Kitchen floor now in (w/pics)

Evening All,
Here is how the kitchen stands right now. I have all the hardwood flooring down and I am waiting for the plumber and electrician to do their work so I can hang some cabinets. I and my wonderful helper spent the vast majority of the weekend installing the flooring. The flooring is prefinished (golden oak'ish in colour) 3.25" wide, 3/4" thick red oak. The flooring in the hallway outside the kitchen runs in one direction and in the dining room the other way (at right angle to). So, since I couldn't decide which way to be parallel to I decided to run the flooring at 45 degrees across the room. This added much more work, but I love how it came out.
To start, I laid out some chalk lines starting just inside the two doorways and wanted to floor away from that direction. I jointed two edges of a 2x4 and screwed it to my starting chalk line. Once I had reached the corner, I removed the 2x4 and secured the tongue of the first strip with pre-drilled and countersunk drywall trim screws. I then glued a 1/2"x1/4" hard maple (had on hand) strip into the groove to be a tongue so I could start flooring in the other direction. The first doorway was easy, just slap a board in the tennoning jig on the Unisaw with a 1/4" dado cutter (my lovely assistant did most of this) and lay it down. Once at the other doorway, the board had to be a *perfect* fit, no room for error, 5 cuts nibbling up to my final length and angle for each board were common. I must say I have fallen in love with my Hitachi C10FSH 10" SCMS w/laser onto which I was using a CMT 80 tooth -5 radial arm saw blade. Each cut had to be a perfect finish cut, no room for tearout. Cutting through the finished oak flooring at 45 with *zero* splintering was a dream come true. I had the laser set to indicate waste, so when nibbling off 0.25 of a degree the laser would show what was being removed, made the job sooo much easier.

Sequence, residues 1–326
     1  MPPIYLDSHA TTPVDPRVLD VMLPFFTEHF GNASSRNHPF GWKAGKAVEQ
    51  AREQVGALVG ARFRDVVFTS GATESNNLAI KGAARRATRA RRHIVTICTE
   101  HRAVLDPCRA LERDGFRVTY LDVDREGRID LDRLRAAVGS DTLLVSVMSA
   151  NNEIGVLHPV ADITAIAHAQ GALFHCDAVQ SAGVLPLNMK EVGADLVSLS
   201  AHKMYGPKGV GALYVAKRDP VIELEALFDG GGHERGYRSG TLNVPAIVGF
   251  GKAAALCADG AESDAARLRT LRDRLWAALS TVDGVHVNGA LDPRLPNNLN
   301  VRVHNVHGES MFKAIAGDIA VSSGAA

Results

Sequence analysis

Starting out in the corner,
http://www.federatedtool.com/david/img/startinghardwood.jpg
Securing the groove and adding a tongue to start flooring in the opposite direction,
http://www.federatedtool.com/david/img/turningaround.jpg
At the end of the first day,
http://www.federatedtool.com/david/img/firstday.jpg
My lovely assistant adding a groove to the end of a 44.5 cut for one doorway piece,
http://www.federatedtool.com/david/img/grooving.jpg
The finished floor,
http://www.federatedtool.com/david/img/done1.jpg
http://www.federatedtool.com/david/img/done2.jpg
Sorry for the low quality of the photo's, but I could not have hoped for the floor to have turned out any better, I am very pleased, it turned out perfectly.
Thanks,
David.
Every neighbourhood has one, in mine, I'm him.
Remove the "splinter" from my email address to email me.
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NICE! I suggest you get a few coats of varnish on it soon, especially by the sink and in front of the fridge. That will make it much easier to maintain. Wilson

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Hello there,

It is prefinished, so I won't be adding any additional finish on top of the factory finish.
Thanks,
David.
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Nice work there, David, and lovely assistant. I hadn't considered the diagonal layout before, but it works well for your application, and may work quite well for the project my lovely partner has been contemplating for the last 4 or 5 years.
Regarding the prefinished flooring product you used:
    * This was a two day job. How large is the room? Would a 'squared up' install still have been two days?
    * Are you happy with the product you chose? Brand?
    * Having just completed this room, would you use this same product again?
    * Would you recommend this product to someone who is an intermediate level woodworker, with all the tools shown in your pictorial, but who has not previously installed a nail-down wood floor?
    * Did you consider a floating installation?
    * Would you care to offer a cost per square foot estimate for materials?
Any one else besides David with an experienced opinion to share?
Thanks in advance!
Patriarch, who thinks it's a shame that the lovely coordinated wall color is going away...;-)
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On Thu, 10 Jun 2004 01:19:16 GMT, "David F. Eisan"

snip
You are a brave man. I would not let a plumber OR electrician near a brand new floor; much less the two of them .<G> t does look good though.
Alan Bierbaum
web site: http://www.calanb.com
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